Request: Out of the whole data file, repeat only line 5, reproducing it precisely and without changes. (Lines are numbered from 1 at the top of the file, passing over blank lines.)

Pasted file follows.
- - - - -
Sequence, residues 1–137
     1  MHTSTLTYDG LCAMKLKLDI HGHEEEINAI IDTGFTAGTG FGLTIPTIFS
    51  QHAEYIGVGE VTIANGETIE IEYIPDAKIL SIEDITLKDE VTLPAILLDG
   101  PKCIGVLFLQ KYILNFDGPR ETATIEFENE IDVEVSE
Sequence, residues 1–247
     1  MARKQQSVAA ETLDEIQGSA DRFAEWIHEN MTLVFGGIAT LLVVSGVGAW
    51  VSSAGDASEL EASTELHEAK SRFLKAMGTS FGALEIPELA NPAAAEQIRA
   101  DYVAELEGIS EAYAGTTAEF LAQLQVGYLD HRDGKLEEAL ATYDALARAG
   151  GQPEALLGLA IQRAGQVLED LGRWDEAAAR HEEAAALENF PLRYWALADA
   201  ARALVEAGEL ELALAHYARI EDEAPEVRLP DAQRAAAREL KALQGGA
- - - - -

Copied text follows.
Sequence, residues 1–247